4. Summary of the Possibilities In summary, the absolute uniqueness of both the event as well as the claim of national revelation in both fact as well as prophecy is either: a. An insurmountable difficulty if one believes that the author of the Torah was a human being and Sinai never occurred, or b. No difficulty whatsoever if one believes that the Author of


the Torah was God and He did, in fact, speak to the entire Jewish people at Mt. Sinai. 5. Universal Use of Many Jewish Principles Strengthen the Sinai Claim One final point underlining the striking uniqueness of the Sinai claim is just how much of the rest of the Torah has been borrowed by various groups and religions throughout the world. Mitzvot like Shabbat, Kashrut, circumcision, pilgrimage, Mikvah, the Sabbatical year; and concepts like monotheism, love your neighbor, peace on earth, just to name a few. The fact is that there is virtually no major concept in all of Judaism which has not been borrowed by some other group or religion, aside from that which is the basis of the entire system, the national revelation at Mount. Sinai. This foundation separates Judaism from every other world religion, and this is the claim which we would have expected every other religion to at least have attempted to have made. As we discussed, it is the only claim which a thinking person can reasonably deal with, and therefore it is the only way which makes sense for God to establish a religion. How, therefore, do we account for its absolute uniqueness among all world religions? One obvious answer, of course, is that God really did speak to the entire Jewish people at Mount Sinai 3300 years ago and the oral tradition of that encounter has been passed down from one generation to the next, up until and including the present day. The key question we need to ask ourselves is whether any other approach is even a possibility. Section V. Internal Affirmation of Torah M'Sinai Part A. Observance of the Mitzvot for Generations The fulfillment of Torah commandments by the Jewish people from generation to generation testifies to the continual remembrance and affirmation of the Exodus from Egypt and the National Revelation at Mount Sinai. 1. Ramban (Nachmanides), Shemot 13:16 There are many commandments .‫וכן כל כיוצא בהן מצות רבות זכר ליציאת מצרים‬ ‫והכל להיות לנו בכל הדורות עדות במופתים שלא‬ that are in remembrance of the ‫ישתכחו, ולא יהיה פתחון פה לכופר להכחיש‬ Exodus from Egypt. All are to be ‫אמונת האלהים. כי הקונה מזוזה בזוז אחד וקבעה‬ for us, in all generations, ‫בפתחו ונתכוון בענינה כבר הודה בחדוש העולם‬ testimony that the wonders will not be forgotten and so there ‫ובידיעת הבורא והשגחתו, וגם בנבואה, והאמין בכל‬ should not be an opportunity for ‫פנות התורה, מלבד שהודה שחסד הבורא גדול מאד‬ .‫על עושי רצונו, שהוציאנו מאותו עבדות לחירות‬ a denier to deny belief in God. One who buys a mezuzah for one coin, by fixing it on his doorpost


and having proper intent for what it means acknowledges [his belief in] the renewal of the world, and his knowledge of God, His Providence, and prophecy, and that he believes in all aspects of the Torah, as well as acknowledging the greatness of God's kindness upon those who fulfill His Will; and that He redeemed us from slavery to freedom. This is why our Sages say that one should be as particular regarding a seemingly insignificant mitzvah as he would be with a severe one, as all mitzvot are desired and beloved, because through their performance a person acknowledges God. The intention of all mitzvot is that we should believe in God and thank Him for creating us, and this is the intention of creation … 2. Devarim 29:13-14 - Judaism Not with you alone am I establishing this covenant and this oath, but with all those who are standing here with us before the Lord our God and those who are not here with us today. 3. Rashi, Devarim 29:14 "Those who are not with here with us." This refers to forging a covenant with the future generations.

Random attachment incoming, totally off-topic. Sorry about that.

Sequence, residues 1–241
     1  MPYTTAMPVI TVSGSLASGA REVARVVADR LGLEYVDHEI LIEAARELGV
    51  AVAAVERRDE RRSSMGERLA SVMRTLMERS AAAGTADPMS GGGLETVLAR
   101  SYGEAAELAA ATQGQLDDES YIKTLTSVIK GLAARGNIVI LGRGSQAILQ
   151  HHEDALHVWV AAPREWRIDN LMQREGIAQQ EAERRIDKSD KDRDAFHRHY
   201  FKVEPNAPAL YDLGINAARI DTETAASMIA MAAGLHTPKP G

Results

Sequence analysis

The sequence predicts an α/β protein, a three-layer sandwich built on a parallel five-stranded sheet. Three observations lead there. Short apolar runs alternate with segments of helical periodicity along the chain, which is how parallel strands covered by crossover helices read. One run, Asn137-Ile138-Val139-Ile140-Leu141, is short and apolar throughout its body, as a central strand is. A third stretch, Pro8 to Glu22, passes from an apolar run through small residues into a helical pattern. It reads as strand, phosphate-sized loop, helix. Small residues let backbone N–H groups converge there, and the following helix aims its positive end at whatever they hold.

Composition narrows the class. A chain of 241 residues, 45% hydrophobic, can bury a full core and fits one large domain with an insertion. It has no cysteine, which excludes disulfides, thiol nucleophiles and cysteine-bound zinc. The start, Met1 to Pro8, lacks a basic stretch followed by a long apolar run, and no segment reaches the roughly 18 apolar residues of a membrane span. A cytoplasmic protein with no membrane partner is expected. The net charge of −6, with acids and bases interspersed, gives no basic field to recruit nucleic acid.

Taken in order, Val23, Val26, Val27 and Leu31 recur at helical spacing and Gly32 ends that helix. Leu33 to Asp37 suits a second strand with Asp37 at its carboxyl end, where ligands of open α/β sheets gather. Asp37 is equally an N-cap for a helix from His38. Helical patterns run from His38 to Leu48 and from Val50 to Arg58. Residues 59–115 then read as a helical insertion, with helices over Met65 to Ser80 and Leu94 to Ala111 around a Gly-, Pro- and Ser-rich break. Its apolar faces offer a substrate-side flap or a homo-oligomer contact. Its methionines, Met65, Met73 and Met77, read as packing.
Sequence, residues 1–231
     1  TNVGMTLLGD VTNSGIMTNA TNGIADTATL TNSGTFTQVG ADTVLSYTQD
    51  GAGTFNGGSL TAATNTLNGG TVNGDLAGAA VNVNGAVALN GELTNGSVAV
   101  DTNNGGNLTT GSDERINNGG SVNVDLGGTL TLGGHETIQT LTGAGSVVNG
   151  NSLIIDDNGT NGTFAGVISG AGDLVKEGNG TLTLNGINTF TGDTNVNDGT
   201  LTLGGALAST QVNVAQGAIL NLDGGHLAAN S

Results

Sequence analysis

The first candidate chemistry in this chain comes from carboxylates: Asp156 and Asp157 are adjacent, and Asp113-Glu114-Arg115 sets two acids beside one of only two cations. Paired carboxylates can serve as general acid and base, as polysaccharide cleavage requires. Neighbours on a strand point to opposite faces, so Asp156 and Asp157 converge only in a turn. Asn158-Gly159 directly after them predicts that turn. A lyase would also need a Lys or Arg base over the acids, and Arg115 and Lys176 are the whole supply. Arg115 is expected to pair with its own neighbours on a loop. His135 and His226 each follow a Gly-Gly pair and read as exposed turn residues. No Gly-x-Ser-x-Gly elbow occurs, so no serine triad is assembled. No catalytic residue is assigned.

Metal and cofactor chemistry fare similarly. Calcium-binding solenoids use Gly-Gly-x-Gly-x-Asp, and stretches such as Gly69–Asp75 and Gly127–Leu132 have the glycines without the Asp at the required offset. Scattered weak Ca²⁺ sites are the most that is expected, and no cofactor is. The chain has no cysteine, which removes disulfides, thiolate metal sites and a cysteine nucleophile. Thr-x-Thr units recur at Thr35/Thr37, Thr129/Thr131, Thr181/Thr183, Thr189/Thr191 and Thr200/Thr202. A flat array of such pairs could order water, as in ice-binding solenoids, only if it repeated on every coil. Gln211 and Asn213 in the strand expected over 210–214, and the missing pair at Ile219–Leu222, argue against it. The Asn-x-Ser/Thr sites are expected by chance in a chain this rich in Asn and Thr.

‫ולפיכך אמרו )אבות פ"ב מ"א( הוי זהיר במצוה‬ ‫קלה כבחמורה שכולן חמודות וחביבות מאד, שבכל‬ ‫שעה אדם מודה בהן לאלהיו, וכוונת כל המצות‬ ‫שנאמין באלהינו ונודה אליו שהוא בראנו, והיא‬ ...‫כוונת היצירה‬

is for every generation. ‫ולא אתכם לבדכם אנכי כרת את הברית הזאת‬ ‫:ואת האלה הזאת‬ ‫כי את אשר ישנו פה עמנו עמד היום לפני יקוק‬ ‫:אלהינו ואת אשר איננו פה עמנו היום‬

‫ואת אשר איננו פה - ואף עם דורות העתידים‬ ‫להיות‬

Part B. The Unbroken Chain of Torah Transmission The chart below traces one of the many unbroken chain of Torah transmission from Moshe at Mount Sinai until today. (From Rabbi Lawrence Kelemen. For more information see Permission to Receive and


One of the Many Chains of Torah Transmission
God (Mt. Sinai=1312 B.C.E.) Moses Joshua Pinchus Eli Samuel David Achiah Elijah Elishah Yehoyada Zechariah Hoshea Amos Isaiah Michah Yoel Nachum Chavakuk Tzafaniah Jeremiah Baruch Ezra Shimon Hatzadik (310 B.C.E.) Antignus of Socho (305 B.C.E.) Yosi ben Yoezer and Yosef ben Yochanon (280 B.C.E.) Yehoshua ben Prachya and Nitai of Arbel (243 B.C.E.) Yehuda ben Tabai and Shimon ben Shetach (198 B.C.E.) Shmaya & Avtalyon (140 B.C.E.) Hillel & Shammai (40 B.C.E.) Rabban Shimon (10 B.C.E.) Rabban Gamliel Hazaken (20 C.E.) Rav Shimon ben Gamliel (50) Rabban Gamliel (90) Rabban Shimon (140) Rabbi Yehuda Hanasi (180) Rav, Shmuel, and Rabbi Yochanon (230) Rav Huna (270) Rabbah (310) Rava (340) Rav Ashi (420) Rafram (443) Rav Sama B'rei d'Rava (476) Rav Yosi (514) Rav Simonia Rav Ravoi Me-Rov (589) Mar Chanan Me-Ashkaya (608) Rav Mari Rav Chana Gaon Mar Rav Rava Rav Busai (689) Mar Rav Huna Mari Mar Rav Chiyah Me-Mishan Mar Ravyah Mar Rav Natronai Mar Rav Yehuda (739) Mar Rav Yosef (748) Mar Rav Shmuel Mar Rav Natroi Kahana Mar Rav Avrohom Kahana (761) Mar Rav Dodai Rav Chananya (771) Rav Malka (773) Mar Rav Rava Mar Rav Shinoi (782) Mar Rav Chaninah Gaon Kahana (785) Mar Rav Huna Mar Halevi (788) Mar Rav Menasheh (796) Mar Rav Yeshaya Halevi (804) Mar Rav Kahanah Gaon (797) Mar Rav Ibomai Gaon (814) Mar Rav Yosef Mar Rav Avrohom Mar Rav Yosef (834) Mar Rav Yitzchak (839) Mar Rav Yosef (841) Mar Rav Poltoi (858) Mar Rav Achai Kahana Mar Rav Menachem (860) Mar Rav Matisyahu (869) Rav Mar Abba Mar Rav Tzemach Gaon (891) Mar Rav Hai Gaon (897) Mar Rav Kimoi Gaon (905) Mar Rav Yehuda (917) Mar Rav Mevasser Kahana Gaon (926) Rav Kohen Tzedek (935) Mar Rav Tzemach Gaon (937) Rav Chaninah Gaon (943) Mar Rav Aharon Hacohen (959) Mar Rav Nechemiah (968) Rav Sherirah Gaon (1006) Meshulam Hagadol Rav Gershom Meor Hagolah (1040) Rav Yaakov ben Yakar (1064) Rav Shlomo Yitzchaki - "Rashi" (1105) R' Shmuel ben Meir (Rashbam) (1174) R' Yaakov ben Meir (Rabbenu Tam) (1171) Eliezer Me-Metz (1175) Rokeach (1238) R' Yitzchak of Vienna (Ohr Zaruah) Rav Meir of Rothenberg (1293) R' Yitzchak of Duren (Shaarei Durah) R' Alexander Zusiein Hakohen (Agudah) (1348) Meir Bar Baruch Halevi (1390) R' Sholom of Neustadt R' Yaakov Moelin (Maharil) (1427) R' Yisroel Isserlein (Trumas Hadeshen) (1460) R' Tavoli Rabbi Yaakov Margolies (1501) Rabbi Yaakov Pollak (1530) Rabbi Sholom Shachna (1558) Rabbi Moshe Isserles "Rama" (1572) Rabbi Yehoshua Falk Katz (1614) Rabbi Naftoli Hirsch ben Pesachya (1650) Rabbi Moshe Rivkas - "Be'er Hagolah" (1671) Rabbi Avraham Gombiner (1682) Rabbi Moshe Kramer (1688) Rabbi Eliyahu Chasid (1710) Rabbi Yissachar Ber (1740) Rabbi Shlomo Zalman (1765) Rabbi Eliyahu Kramer - "Vilna Gaon" (1797) Rabbi Chaim Voloziner (1821) Rabbi Zundel of Salant (1866) Rabbi Yisroel Salanter (1883) Rabbi Simcha Zissel of Chelm (1888) Rabbi Yerucham Lebovitz (1936) Rabbi Shlomo Wolbe (2006)... .. .... ..... ......